Autism: inclusion benefits everyone

Changing attitudes towards autism

Having devoted more than twenty years to promoting greater understanding of autism and providing support for families of children with autism, Dr Robert Naseef recognizes that international schools are becoming more inclusive but highlights the need for more teacher and support staff training.

DSC_6603Moving towards inclusion

International schools are moving toward inclusion, as recently reported in The International Teacher Magazine. This transition makes special needs training for teachers and support staff vital for success. In particular, parents of children with autism are increasingly looking for schools where their children’s specialized needs can be met. The Centers for Disease Control in the United States now estimate that 1 in every 68 children has autism.

Prior to the 1960s, the general belief was that children with autism were unlikely to respond to education. Research and practice over the past 50 years has provided us with a strong indication that school-age children with autism can make significant progress. Key building blocks are effective strategies for learning, paired with highly trained and dedicated educators led by committed heads of schools.

Inclusive teaching benefits all

DSC_6683Students with special needs such as autism are often a catalyst for change and creativity in school communities. Including students with autism in mainstream classrooms may challenge teachers to think more carefully about the choices offered to students, the design of the lesson, the ways in which students at all developmental levels can participate in the classroom, and the comfort and engagement for all learners.

Some continuing facets of education that are most important to teachers of inclusive classrooms include behavioral and developmental strategies, play and its vital role in childhood development specific to children with autism, and tactics for building the parent-teacher relationship. Additionally, teachers should have a solid grasp of the STAR program (Strategies for Teaching based on Autism Research). This program teaches children critical academic and social skills, and covers topics ranging from communication and visual supports to social skill development.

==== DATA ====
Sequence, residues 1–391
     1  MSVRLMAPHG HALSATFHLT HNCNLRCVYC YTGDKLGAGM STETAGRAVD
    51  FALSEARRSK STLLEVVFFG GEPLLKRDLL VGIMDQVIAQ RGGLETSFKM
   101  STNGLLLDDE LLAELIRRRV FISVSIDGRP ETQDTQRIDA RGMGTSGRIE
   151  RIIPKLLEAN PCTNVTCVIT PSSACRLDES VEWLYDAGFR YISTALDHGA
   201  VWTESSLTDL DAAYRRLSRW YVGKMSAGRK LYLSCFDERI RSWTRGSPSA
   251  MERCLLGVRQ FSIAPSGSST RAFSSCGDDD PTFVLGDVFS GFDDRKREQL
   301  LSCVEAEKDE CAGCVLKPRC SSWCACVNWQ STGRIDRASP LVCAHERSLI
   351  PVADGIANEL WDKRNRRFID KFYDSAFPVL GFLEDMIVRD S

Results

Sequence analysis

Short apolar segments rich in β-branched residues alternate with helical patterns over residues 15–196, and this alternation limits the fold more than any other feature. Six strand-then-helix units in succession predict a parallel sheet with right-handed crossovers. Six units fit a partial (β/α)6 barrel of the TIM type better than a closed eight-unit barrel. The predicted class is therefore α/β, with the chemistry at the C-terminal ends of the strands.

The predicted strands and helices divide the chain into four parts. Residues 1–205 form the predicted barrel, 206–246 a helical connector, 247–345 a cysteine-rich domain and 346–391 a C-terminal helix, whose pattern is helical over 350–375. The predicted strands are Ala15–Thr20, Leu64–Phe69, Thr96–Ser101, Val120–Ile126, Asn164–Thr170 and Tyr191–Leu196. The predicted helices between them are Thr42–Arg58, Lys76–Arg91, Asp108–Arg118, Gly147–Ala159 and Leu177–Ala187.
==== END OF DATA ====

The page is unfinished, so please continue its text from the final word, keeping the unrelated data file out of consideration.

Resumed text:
While these topics are all of utmost importance for the learning and development of students on the autism spectrum, these strategies are based on sound learning principles and can also apply to and benefit typically developing students. The language and practices of inclusive education go a long way towards responding to the diversity that exists in every classroom.


Some of the challenges for educators include:

  • planning lessons that encourage all students to participate;
  • helping students reach their individual goals;
  • supporting student behavior in sensitive, positive ways;
  • fostering friendships and social relationships between students with and without autism;
  • adapting the physical environment for students with autism who may have heightened sensitivity to factors like temperature, textures, sounds, and smells.
Making inclusion a reality

DSC_6704I have a unique voice in that I have a foot in the professional community as well as in the parent community, as the father of an adult son with autism. When my son was young, there was nothing I wanted for him more than to be included with his same age peers. I tried very hard to make this happen. Unfortunately, his autism is severe and resulted in his need for a specialized setting. This life experience is always with me as I train professionals to work effectively with children and their families.

Children with mild to moderate autism have the distinct possibility of being included with their same age peers in international schools. Making this a reality is a step towards making a difference in the international community. It is a change that we can all be a part of.

Robert Naseef, Ph.D.

Dr. Robert NaseefDr. Robert Naseef has 25 years of professional practice as an independent psychologist with Alternative Choices in Philadelphia. Robert is a sought after speaker around the US and internationally and has appeared on radio and television.  In 2008, Robert was honored by Variety, the Children’s Charity, for his outstanding contributions to the autism community.

Dr. Robert Naseef will be presenting on best practices for teaching students with Autism Spectrum Disorders on 8-9th September, 2016, at an autism training event in Singapore. To register or find out more about the event, click here.  

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